I'm writing a monitoring service that uses WMI to get information from remote machines. Having local admin rights on all these machines is not possible for political reasons.

Is this possible? What permissions/rights does my user require for this?

9 Answers 9


The following works on Window 2003 R2 SP 2, Windows Server 2012 R2

  1. Add the user(s) in question to the Performance Monitor Users group
  2. Under Services and Applications, bring up the properties dialog of WMI Control (or run wmimgmt.msc). In the Security tab, highlight Root/CIMV2, click Security; add Performance Monitor Users and enable the options : Enable Account and Remote Enable
  3. Run dcomcnfg. At Component Services > Computers > My Computer, in the COM security tab of the Properties dialog click "Edit Limits" for both Access Permissions and Launch and Activation Permissions. Add Performance Monitor Users and allow remote access, remote launch, and remote activation.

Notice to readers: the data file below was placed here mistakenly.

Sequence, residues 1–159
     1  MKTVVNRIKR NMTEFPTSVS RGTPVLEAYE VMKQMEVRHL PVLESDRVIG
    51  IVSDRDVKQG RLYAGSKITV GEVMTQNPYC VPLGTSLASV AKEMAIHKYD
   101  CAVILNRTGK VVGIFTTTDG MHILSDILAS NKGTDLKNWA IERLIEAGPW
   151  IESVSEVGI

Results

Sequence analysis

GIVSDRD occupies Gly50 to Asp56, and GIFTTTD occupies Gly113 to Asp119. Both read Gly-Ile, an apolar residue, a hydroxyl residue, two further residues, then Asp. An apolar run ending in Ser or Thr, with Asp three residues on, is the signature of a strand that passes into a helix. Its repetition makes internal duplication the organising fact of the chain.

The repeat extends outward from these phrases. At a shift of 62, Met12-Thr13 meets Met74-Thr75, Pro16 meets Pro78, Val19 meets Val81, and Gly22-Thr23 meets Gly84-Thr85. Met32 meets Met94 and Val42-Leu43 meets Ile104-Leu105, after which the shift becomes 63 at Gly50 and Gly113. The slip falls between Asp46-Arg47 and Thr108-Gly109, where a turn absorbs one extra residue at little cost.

4. Select Windows Management Instrumentation under Component Services > Computers > My Computer > DCOM Config and give Remote Launch and Remote Activation privileges to Performance Monitor Users Group.


  • As an alternatively to step 3 and 4, one can assign the user to the group Distributed COM Users (Tested on Windows Server 2012 R2)
  • If the user needs access to all the namespaces, you can set the settings in 2. at the Root level, and recurse the permissions to the sub-namespaces via the Advanced window in Security
  • 4
    I've found steps 2 and 3 aren't necessary if you add the user to Distributed COM Users.
    – Nexus
    Feb 12, 2010 at 0:53